Welcome to M-Om: Self-care and ‘doing the simple’

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Recently my husband and I hosted a game night at our house. I love having friends over to enjoy nice conversation, laughs, and food, but the preparation leaves me exhausted. That night I was so excited for everyone to be there but I had a headache and was tired.

During the gathering, I pulled one friend aside to check in and see how she was doing. She’s a mother of three small children with a demanding job and she is very involved in the community — she’s constantly serving others and is the epitome of a selfless, good person. She does so much that I know she leaves very little time for herself. I asked her how she was doing and she told me she was taking on a lot and that she needed to take better care of herself. She suggested that I was really good at taking care of myself. My first reaction was shame and I wondered if she saw me as selfish. Then I took a step back and realized that taking care of myself isn’t a shameful act. But I did wonder if I actually do a good job or if it just looks like I do a good job. I try to exercise and read on a regular basis, but is that self-care?

Self-care is prioritizing activities that are essential to your well-being. It is taking care of yourself by meeting essential needs first.

Self-care is prioritizing activities that are essential to your well-being. It is taking care of yourself by meeting essential needs first. Exercise and education are good for you, but self-care begins at a physiological level. First, food, air, and sleep are critical to survival. Next, would be psychological needs – relationships, education, self-esteem. I’m primarily focused on my psychological needs but these days I’m not going to bed on time or sleeping well. I am certainly not making the healthiest food choices. I am breathing, so I’ve got that going for me.

When I played soccer as a kid, my coach would remind me to “Do the simple.” In other words, focus on fundamentals. If a game is going downhill or, in this case, the stress level is going up or health is declining I try to remember the basic skills that will guarantee my success:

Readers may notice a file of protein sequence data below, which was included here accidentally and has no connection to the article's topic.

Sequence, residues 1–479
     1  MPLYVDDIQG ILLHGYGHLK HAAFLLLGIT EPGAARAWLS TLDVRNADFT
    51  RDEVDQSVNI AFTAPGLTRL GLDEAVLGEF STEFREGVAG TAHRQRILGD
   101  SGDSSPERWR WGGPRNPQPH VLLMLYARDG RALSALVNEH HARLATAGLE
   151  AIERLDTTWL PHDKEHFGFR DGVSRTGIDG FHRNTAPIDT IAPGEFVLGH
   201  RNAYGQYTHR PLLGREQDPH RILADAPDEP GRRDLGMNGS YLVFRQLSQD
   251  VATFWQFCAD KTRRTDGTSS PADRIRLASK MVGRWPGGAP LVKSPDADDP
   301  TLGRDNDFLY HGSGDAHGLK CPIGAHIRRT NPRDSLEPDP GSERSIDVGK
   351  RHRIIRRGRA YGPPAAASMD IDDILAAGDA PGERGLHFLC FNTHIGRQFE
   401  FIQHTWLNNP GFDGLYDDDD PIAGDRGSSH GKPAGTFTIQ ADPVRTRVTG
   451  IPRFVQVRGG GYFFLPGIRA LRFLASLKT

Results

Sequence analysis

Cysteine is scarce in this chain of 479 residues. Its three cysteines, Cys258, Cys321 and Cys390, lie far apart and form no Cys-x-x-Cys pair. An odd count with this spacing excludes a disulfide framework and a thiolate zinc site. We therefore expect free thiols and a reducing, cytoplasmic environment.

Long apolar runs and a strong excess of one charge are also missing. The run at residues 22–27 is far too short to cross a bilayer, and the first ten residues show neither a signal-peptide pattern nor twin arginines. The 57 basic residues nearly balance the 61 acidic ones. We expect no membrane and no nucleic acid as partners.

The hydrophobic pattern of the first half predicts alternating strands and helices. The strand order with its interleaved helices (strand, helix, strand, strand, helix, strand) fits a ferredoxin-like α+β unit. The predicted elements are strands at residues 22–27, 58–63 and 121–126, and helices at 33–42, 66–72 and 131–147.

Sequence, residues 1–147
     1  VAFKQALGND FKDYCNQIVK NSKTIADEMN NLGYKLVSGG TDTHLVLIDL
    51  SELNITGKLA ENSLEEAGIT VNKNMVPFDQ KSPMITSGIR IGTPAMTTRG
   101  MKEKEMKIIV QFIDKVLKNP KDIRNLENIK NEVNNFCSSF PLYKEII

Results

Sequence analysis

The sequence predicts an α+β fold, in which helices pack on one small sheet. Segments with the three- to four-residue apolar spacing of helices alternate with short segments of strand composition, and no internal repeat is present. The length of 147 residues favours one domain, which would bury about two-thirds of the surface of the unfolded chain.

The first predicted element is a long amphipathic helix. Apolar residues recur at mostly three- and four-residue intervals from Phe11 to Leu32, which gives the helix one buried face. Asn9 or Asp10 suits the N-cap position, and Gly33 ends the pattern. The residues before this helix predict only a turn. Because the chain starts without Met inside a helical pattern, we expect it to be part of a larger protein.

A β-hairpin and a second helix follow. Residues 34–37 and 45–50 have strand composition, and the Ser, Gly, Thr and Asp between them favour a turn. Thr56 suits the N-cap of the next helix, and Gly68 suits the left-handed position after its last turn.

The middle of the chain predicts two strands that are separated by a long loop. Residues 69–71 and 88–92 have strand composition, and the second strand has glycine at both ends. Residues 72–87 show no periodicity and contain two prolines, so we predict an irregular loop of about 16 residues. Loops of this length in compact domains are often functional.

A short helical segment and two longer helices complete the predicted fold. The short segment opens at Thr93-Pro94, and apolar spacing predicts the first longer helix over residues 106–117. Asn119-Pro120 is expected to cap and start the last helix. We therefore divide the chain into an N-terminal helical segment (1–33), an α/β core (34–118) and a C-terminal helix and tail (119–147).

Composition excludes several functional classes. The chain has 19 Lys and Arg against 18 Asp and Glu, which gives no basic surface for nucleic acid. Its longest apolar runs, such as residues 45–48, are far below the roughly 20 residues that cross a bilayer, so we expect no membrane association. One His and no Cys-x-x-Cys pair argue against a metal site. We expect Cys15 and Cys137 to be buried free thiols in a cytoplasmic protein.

Breathe: Take three deep breaths when the stress starts.

Sleep: Push all deadlines and obligations aside and sleep. Set a bedtime timer and go to sleep when the timer reminds you to sleep.

Eat: Eat intentionally when hunger starts and pay attention to the sensations that go along with a meal – enjoy the flavor, texture and smells.

Self-care is not a new concept. It may seem too simple to really work, but for the most part, it does. At the very least it is diagnostic and helps to determine if there is something really wrong with a person’s body. Think about a car, if a car won’t start the first checkpoints are gas, oil, and the battery. If those basics are fully functioning then the problem lies somewhere else. In order to resolve my discomforts I begin with the basics: air, sleep, and food. Once I’ve checked to make sure those needs are being met it’s usually like pushing a reset button and my body and mind start functioning smoothly again.

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